In November, world leaders met in Glasgow for the 26th time since 1992 to grapple with ways to reduce greenhouse gas emissions. Taking action to slow climate change has become more urgent in recent years, as catastrophic storms, fires, drought, and heat waves are becoming more and more common. This is no longer some abstract future scenario, and the North Coast is facing many challenges as a result of the unfolding climate crisis.

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Come out for a very special screening of ARTIFISHAL, the brand new Patagonia documentary.

"Artifishal" is a film about people, rivers, and the fight for the future of wild fish and the environment that supports them. It explores wild salmon’s slide toward extinction, threats posed by fish hatcheries and fish farms, and our continued loss of faith in nature.

A Q&A session with the director of the film, plus local experts and tribal members who were featured in the film, will take place after the screening.

Call of Life: Facing the Mass Extinction investigates the growing threat to Earth’s life support systems from this unprecedented loss of biodiversity. Through interviews with leading scientists, psychologists, anthropologists, philosophers, and indigenous and religious leaders, the film explores the causes, the scope, and the potential effects of the mass extinction, but also looks beyond the immediate causes of the crisis to consider how our cultural and economic systems, along with deep-seated psychological and behavioral patterns, have allowed this situation to develop, continue to reinforce it, and even determine our response to it.

Surf films TBA!


In light of the Trump Administration’s proposal to massively expand offshore oil drilling, this month’s Ocean Night will include Stories of the Spill, a short film that discuss the 1969 Santa Barbara oil spill and its aftermath. 

Also, Marnin Robbins of the California Department of Fish and Wildlife will showcase a new 10-minute film about the the state’s Marine Protected Area (MPA) Network, featuring incredible topside and underwater video. The film’s producers (HSU film professor David Scheerer and assistant Will Goldenberg) will be on hand to answer questions. Afterwards, we will be screening #OB Plastic-@415plumber’s Obsession, the story of a man's collection of beach plastics.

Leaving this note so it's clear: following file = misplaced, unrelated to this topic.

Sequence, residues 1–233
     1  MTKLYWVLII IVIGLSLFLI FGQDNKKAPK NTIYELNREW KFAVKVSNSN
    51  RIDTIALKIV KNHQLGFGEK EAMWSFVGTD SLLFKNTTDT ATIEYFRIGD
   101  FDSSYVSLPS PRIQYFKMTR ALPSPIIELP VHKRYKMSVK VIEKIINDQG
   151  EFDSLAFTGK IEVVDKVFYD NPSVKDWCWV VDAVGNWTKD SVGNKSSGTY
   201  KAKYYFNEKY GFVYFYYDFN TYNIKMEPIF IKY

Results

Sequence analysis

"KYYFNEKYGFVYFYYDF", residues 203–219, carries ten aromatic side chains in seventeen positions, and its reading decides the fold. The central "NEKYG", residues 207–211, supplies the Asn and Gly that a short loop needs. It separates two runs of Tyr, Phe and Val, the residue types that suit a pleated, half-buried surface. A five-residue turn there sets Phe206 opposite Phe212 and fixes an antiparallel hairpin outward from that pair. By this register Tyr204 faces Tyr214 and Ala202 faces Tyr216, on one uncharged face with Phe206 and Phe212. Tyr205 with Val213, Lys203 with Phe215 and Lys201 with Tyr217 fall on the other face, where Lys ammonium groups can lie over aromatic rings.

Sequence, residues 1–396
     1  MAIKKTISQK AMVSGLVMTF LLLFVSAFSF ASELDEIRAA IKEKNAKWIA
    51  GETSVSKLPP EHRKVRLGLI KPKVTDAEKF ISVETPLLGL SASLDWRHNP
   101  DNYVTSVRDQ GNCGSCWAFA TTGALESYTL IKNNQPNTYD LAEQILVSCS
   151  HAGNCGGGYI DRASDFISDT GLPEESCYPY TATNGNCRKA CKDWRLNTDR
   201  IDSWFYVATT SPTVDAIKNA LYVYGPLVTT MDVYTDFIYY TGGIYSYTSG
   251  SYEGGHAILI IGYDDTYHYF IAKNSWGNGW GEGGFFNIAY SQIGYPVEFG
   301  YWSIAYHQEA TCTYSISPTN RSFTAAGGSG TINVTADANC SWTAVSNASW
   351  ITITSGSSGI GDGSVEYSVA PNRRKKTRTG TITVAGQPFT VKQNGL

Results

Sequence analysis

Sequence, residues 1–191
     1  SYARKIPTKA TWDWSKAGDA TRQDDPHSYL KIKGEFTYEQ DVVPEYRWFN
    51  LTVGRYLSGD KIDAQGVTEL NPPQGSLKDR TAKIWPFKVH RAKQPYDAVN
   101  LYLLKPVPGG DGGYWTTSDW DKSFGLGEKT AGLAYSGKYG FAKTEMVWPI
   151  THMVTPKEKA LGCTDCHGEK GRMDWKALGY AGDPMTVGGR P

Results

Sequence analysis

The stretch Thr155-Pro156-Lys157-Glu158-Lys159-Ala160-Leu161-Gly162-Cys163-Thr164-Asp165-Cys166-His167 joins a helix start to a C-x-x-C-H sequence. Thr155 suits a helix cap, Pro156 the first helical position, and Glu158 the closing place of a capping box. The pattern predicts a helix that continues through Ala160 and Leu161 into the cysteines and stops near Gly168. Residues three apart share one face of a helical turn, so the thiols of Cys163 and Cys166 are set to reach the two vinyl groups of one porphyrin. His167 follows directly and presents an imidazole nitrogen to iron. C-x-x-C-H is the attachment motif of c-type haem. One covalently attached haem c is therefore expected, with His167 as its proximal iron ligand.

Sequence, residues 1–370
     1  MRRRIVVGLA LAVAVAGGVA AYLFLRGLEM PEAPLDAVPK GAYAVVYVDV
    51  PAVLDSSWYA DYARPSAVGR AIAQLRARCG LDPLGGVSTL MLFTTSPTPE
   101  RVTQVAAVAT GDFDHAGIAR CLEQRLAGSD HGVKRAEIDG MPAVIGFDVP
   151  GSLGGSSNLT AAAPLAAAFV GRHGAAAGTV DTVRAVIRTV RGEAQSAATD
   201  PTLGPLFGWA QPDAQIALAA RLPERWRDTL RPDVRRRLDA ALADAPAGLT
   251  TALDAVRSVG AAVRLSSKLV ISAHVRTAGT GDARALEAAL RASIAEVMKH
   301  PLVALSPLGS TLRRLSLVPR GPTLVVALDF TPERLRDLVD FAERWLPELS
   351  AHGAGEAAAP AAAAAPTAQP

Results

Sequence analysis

Humboldt Baykeeper was launched in 2004 to safeguard our coastal resources for the health, enjoyment, and economic strength of the Humboldt Bay community through education, scientific research, and enforcement of laws to fight pollution.
Humboldt Baykeeper's Tax ID# is 86-1468130.
Our Staff:

Jennifer Kalt, Director


jkalt [AT]  


Jasmin Segura, Bay Tours Coordinator


jasmin [AT]


Humboldt Baykeeper Advisory Committee:
Maia Cheli - Communications and Outreach Manager, Schatz Energy Research Center
Fred Evenson - Director, Ecological Rights Foundation
Beth Frink, former Executive Director, Humboldt Baykeeper
Aldaron Laird - Sea Level Rise Planner, retired
Mike Manetas - Educator, retired
Laurie Richmond - Assistant Professor, Humboldt State University
Michelle D. Smith - Attorney-at-Law
Michael Welch - Director, Redwood Alliance 
What are Coastal Resources?
Humboldt Bay is the second largest estuary in California. The bay and the adjacent Pacific Ocean coastline give our community its unique character. The health of our waters both in the bay and along our coast depend greatly on the functioning of the intertidal mudflats, salt marshes, and freshwater wetlands of Humboldt Bay, which act as a natural pollution filter and flood plain. Clean water supports healthier fisheries, which in turn support bird and wildlife populations.
For the human community around the bay and coast this means more lucrative sport, subsistence, and commercial fisheries, better bird watching and bird hunting, and cleaner water for recreating, including boating, surfing, paddleboarding, and swimming.    
Humboldt Baykeeper's programs involve scientists, boaters, fishermen, birdwatchers, students, and other concerned residents in the important work of protecting the bay, its watershed, and the near-shore waters of the Pacific Ocean.
The geographical reach of Humboldt Baykeeper's programs includes Humboldt Bay, its tributaries, and the Pacific Coast from Trinidad Head to the north and the Eel River estuary to the south. Baykeeper maintains an on-the-water presence throughout the area, patrolling by motorboat, kayak, and occasionally by drone, with upland areas patrolled by car and by foot.